was surprised to hear it said that the people of Ireland were favourable to the abolition of the office of Lord-lieutenant. He was in Ireland three weeks ago, and was frequently present when the proposition of the hon. member for Aberdeen was discussed, and he had never heard a single individual who did not express himself decidedly hostile to it. He was convinced, that if the people of Ireland believed there was any serious intention to abolish the office, petitions would pour in against the measure from every county, and almost from every parish. He conceived that the abolition of the office of Lord-lieutenant would have the effect of greatly increasing absenteeism. Whoever had not visited Ireland could not be aware how much the presence of a Court in that country diminished the number of absentees and the duration of their absence. He opposed the Motion because he was convinced that it would have a most injurious effect in this respect to remove the Court and the Lord-lieutenant from Ireland. The morals and behaviour of all classes were improved by mingling together; and Ireland would, he believed, be injured, and many tradesmen utterly ruined if a proposition were to be carried which would deprive her of all splendour, and banish from her few remaining gentlemen.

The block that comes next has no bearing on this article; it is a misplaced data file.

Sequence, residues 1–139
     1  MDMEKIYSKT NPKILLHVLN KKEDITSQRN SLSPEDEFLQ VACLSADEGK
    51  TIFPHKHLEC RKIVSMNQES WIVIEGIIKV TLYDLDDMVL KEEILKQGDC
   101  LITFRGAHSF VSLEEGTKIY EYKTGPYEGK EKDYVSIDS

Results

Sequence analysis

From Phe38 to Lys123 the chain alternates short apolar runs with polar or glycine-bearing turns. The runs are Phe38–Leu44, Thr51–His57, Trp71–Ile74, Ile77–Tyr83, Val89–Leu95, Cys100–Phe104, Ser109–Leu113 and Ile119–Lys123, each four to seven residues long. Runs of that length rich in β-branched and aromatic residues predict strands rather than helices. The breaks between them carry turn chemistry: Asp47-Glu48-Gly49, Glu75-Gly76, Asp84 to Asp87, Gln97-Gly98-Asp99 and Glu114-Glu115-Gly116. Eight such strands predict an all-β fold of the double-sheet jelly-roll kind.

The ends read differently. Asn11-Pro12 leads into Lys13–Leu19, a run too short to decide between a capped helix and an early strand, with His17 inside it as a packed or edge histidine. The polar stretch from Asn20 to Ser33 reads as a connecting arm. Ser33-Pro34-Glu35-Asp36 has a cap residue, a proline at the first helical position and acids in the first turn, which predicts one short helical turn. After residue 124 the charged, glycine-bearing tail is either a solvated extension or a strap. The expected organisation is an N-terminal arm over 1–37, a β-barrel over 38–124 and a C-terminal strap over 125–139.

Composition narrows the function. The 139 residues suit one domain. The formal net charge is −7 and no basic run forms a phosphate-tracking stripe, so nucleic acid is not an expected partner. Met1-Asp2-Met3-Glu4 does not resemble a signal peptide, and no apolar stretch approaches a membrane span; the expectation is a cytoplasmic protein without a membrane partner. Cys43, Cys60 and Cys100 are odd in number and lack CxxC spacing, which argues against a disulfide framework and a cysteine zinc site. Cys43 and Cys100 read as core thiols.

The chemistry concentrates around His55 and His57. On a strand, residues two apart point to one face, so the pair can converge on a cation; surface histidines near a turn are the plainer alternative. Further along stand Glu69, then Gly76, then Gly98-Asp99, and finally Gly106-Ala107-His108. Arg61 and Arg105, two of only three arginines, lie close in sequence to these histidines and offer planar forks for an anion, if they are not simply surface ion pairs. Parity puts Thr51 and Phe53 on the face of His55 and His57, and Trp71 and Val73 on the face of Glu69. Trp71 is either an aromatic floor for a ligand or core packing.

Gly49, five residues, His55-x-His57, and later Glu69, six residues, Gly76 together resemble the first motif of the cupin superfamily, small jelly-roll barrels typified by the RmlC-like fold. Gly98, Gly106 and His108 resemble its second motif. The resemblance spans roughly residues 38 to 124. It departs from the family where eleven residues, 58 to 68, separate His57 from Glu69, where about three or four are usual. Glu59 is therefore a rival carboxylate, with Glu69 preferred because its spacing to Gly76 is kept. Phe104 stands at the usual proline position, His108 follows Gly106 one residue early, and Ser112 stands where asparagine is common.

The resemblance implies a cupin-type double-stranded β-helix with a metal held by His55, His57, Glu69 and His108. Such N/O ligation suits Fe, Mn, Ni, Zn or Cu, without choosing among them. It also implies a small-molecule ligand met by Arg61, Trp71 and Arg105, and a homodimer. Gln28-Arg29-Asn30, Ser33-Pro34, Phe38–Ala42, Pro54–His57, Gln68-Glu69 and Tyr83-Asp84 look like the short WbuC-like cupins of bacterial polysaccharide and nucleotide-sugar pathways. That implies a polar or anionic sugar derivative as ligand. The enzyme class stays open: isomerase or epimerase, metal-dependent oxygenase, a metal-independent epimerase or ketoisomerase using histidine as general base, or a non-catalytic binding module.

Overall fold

Lord Althorp

said, that it was perhaps doubtful whether this office ought to be abolished; but, for himself, he had nearly made up his mind that it ought. Nothing was, in his opinion, more useful than unity of government, particularly in governing a country difficult to be governed—and such was Ireland. Besides, the peculiar advantages of a monarchical government was always supposed to consist in its steadiness; which, it was contended, more than compensated for the great difference existing between its expense as compared with that of a republic; although, in fact, the trappings of Royalty cost more than all the establishments of a republic. But in Ireland they had only the trappings, and not a single advantage of a monarchical form of government, since they had that perpetual change which was considered so destructive. Besides, there was no more reason for supporting a separate local government in Ireland than in any one of the northern counties of England, for the communication between them was just as easy; and if Lord-lieutenants of Counties were established, as in this country, all the difficulties urged against the measure might be met, except that respecting the administration of justice. As the hon. member for Aberdeen, too, had so clearly stated, there would be a great saving effected by the adoption of his suggestion. If he thought the removal of the Lord-lieutenant would be injurious to Ireland, the anxiety to economise would have no weight with him; but thinking, on the contrary, that the measure would be productive of good, he should support the Motion.

Sir G. Murray